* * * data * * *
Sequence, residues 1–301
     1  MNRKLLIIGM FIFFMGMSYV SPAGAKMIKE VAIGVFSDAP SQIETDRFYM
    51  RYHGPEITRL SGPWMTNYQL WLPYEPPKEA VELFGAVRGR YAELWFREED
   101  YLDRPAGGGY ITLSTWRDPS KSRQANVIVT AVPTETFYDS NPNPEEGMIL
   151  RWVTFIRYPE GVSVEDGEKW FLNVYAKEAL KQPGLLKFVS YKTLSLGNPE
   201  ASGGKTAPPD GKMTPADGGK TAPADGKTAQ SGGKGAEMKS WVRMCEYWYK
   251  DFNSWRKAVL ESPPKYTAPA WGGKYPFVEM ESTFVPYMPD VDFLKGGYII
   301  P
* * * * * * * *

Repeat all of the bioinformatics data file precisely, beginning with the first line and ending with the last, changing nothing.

Sequence, residues 1–301
     1  MNRKLLIIGM FIFFMGMSYV SPAGAKMIKE VAIGVFSDAP SQIETDRFYM
    51  RYHGPEITRL SGPWMTNYQL WLPYEPPKEA VELFGAVRGR YAELWFREED
   101  YLDRPAGGGY ITLSTWRDPS KSRQANVIVT AVPTETFYDS NPNPEEGMIL
   151  RWVTFIRYPE GVSVEDGEKW FLNVYAKEAL KQPGLLKFVS YKTLSLGNPE
   201  ASGGKTAPPD GKMTPADGGK TAPADGKTAQ SGGKGAEMKS WVRMCEYWYK
   251  DFNSWRKAVL ESPPKYTAPA WGGKYPFVEM ESTFVPYMPD VDFLKGGYII
   301  P